By then, I had reached my next stop; a bar called Monk. It was beautiful inside. It looked like a painting and beyond the bar area at the front there seemed to be the promise of a lovely big restaurant further in, that lots of people were heading into. The patterned tile floor was a combination of mustard-yellow, terracotta-red and murky-white. Behind the marble top bar, flanked by wooden stools, hung charcuterie. The walls, the colour of blue icing, were lined with wooden panels, mirrors and single lamps positioned over each individual table which had a pew-style bench seat on one side and a single wooden chair on the other. I was quite taken aback, it was so picturesque. I sat at one of the tables with my beer and just soaked up my surroundings, occasionally looking at the clock and finding it so surreal that in a couple hours time I would be back at home but right now I was sitting in this dreamy Belgian bar. It felt like living two lives in one day. Things were starting to get a little bit existential again.
My final destination was another bar. I couldn’t come to Brussels and not visit the famous Delirium. I headed downstairs where every surface of the wall and ceiling was covered with beer bottles, neon signs and beer trays and there were beer barrels for tables. Before I got to the bar I emptied out every bit of loose change I had left. The sum total was about €4.20 and flicking through the drinks menu I told myself I would choose the beer that amounted to that, no matter what. After all, Delirium boasts a world-record offering of over 2,000 beers so this would be my decision-making strategy (plus, I wanted to get rid of all my change!) The odds landed on a bottle of Belgian-style ale called Diôle Blonde. Should I be worried that the logo was a devil riding a bicycle, I thought?
It was now time. The moment was here. Operation make it back to the right station and get on the Eurostar. It was certainly a tight job towards the end, as there was one more thing I had to get whilst in Belgium; a waffle. I picked one up on the way which I tipped into my face, getting used to my new skill of eat-walking, and for the final time this trip I got lost and walked around in a circle for about five minutes.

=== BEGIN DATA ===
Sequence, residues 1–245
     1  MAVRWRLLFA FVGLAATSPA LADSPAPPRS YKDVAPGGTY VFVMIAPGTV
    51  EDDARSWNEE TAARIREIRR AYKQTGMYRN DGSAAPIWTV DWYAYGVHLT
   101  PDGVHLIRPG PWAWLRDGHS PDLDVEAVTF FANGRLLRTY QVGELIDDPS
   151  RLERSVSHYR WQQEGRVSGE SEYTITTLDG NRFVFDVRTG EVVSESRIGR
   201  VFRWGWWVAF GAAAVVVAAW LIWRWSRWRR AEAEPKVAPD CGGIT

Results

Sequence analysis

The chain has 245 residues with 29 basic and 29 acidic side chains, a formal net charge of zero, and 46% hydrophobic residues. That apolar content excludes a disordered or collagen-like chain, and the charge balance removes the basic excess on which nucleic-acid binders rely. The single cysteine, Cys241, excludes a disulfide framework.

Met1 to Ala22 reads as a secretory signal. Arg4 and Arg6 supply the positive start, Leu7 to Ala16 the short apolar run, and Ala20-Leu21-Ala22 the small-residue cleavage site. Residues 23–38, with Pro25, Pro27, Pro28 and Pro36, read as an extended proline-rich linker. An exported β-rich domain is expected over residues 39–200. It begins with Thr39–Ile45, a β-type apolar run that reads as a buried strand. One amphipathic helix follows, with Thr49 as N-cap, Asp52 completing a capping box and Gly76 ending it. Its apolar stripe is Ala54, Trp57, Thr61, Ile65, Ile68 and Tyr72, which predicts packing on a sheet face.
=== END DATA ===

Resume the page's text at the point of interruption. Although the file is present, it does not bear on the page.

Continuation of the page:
When I got back to London and flopped onto the sofa, I was well and truly exhausted. I wasn’t sure what I’d just went on felt like a holiday; it was testing at times, emotionally and physically (try power walking whilst eating a waffle and being only slightly merry on Belgian beer…) and there was no mistaking that my first ever solo trip had been powered by adrenaline. I was impressed that I had actually managed to do this – and also, that I wasn’t dead.
The trip put things into perspective. There was a moment when I was walking over the Erasmus Bridge and I looked up at the night sky. I imagined a google maps pin drop on my current location in the world and then in my mind, I zoomed out and looked down on the Earth from outer space and made a mental dotted line between my current location and where all my friends and family were, back home in the UK. I was so far away, anything could happen to me right now and who would know? It was scary but at the same time exhilarating. A certain kind of independence I hadn’t experienced before. On foot was often stressful but as soon as I checked into a place I felt tethered back to the rest of the world. It made me feel in tune with one of our most primal instincts as human beings, the fact that no matter what, we are social creatures. It’s in our DNA. As someone who has no qualms with spending time on their own every now and then, I craved people like never before during this trip. When I discovered something, I wanted to tell someone, immediately. I wanted to discuss it in depth; I wanted to laugh together; I wanted to share skyline views; the first sip of beer; the taste of breakfast pastries. And that’s exactly what I did when I got home. I started to recall my trip from start to finish to anyone who would listen.
Friterie Tabora, Monk and Delirium.